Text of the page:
Lloyd Blankfein is trying to beat Bloomberg’s geek squad.
The CEO’s bank, Goldman Sachs, is leading an instant-messaging revolt against the financial news and information giant in an bid to keep Bloomberg’s powerful data-mining technology at bay, The New York Post has learned.
The newspaper reports that Goldman is wary of Bloomberg’s ability to comb through millions of chat and e-mail messages to glean trade pricing and other valuable nuggets. Hedge funds and other Wall Street clients are increasingly using that information against the banks to level the playing field.
Bloomberg’s data sifting is the biggest reason for the bank’s secret project to develop a cross-bank messaging and market data program, called Symphony, to rival Bloomberg’s dominant instant-messaging platform.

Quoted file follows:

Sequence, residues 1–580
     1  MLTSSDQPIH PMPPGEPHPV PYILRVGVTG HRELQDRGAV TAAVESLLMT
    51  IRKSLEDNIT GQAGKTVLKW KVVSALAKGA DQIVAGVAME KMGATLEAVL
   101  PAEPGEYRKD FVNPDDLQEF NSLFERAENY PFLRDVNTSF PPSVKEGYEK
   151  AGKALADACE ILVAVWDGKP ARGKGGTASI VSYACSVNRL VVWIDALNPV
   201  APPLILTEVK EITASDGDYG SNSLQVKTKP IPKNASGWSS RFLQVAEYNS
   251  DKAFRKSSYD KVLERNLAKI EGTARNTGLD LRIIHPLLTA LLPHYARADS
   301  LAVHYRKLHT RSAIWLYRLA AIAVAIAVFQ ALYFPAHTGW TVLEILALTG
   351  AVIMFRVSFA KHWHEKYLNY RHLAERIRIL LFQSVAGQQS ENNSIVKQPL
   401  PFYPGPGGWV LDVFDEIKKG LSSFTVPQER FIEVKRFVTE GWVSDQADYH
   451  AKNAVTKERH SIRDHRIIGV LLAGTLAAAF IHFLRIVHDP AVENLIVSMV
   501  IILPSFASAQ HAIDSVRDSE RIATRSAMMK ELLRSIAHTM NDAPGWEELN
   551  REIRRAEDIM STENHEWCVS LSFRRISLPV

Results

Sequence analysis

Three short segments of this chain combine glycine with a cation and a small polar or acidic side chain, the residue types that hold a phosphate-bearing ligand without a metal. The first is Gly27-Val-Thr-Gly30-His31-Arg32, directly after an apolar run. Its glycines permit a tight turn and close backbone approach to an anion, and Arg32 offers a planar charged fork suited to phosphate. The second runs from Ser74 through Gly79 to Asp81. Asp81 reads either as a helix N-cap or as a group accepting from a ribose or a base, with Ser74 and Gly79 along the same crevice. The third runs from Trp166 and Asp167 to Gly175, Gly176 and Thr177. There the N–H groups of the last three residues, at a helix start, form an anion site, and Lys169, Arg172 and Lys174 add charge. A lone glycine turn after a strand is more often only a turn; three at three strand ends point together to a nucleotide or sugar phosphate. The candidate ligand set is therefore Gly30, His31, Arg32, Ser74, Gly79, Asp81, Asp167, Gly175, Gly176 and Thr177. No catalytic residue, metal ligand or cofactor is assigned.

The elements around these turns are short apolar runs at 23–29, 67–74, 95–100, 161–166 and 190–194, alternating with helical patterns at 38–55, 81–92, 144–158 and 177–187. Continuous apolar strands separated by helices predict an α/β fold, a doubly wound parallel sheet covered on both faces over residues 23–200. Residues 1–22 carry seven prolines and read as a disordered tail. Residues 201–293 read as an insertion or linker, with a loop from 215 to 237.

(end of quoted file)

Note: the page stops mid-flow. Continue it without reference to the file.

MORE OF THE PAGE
Goldman is upset that Bloomberg can 'scrape' chats and e-mails exchanged through its ubiquitous terminals to find and compile the prices of bonds, currencies, commodities or other 'over the counter' assets that aren’t traded on an exchange, said a source familiar with Goldman’s initiative. JPMorgan, Morgan Stanley and other firms have also been approached about the project.
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